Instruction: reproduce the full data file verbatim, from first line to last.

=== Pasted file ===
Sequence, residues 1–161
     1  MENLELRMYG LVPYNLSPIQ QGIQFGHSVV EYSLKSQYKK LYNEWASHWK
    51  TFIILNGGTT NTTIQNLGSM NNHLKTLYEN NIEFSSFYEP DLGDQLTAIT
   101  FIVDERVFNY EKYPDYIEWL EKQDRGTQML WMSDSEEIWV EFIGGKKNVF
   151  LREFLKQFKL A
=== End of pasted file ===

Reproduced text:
Sequence, residues 1–161
     1  MENLELRMYG LVPYNLSPIQ QGIQFGHSVV EYSLKSQYKK LYNEWASHWK
    51  TFIILNGGTT NTTIQNLGSM NNHLKTLYEN NIEFSSFYEP DLGDQLTAIT
   101  FIVDERVFNY EKYPDYIEWL EKQDRGTQML WMSDSEEIWV EFIGGKKNVF
   151  LREFLKQFKL A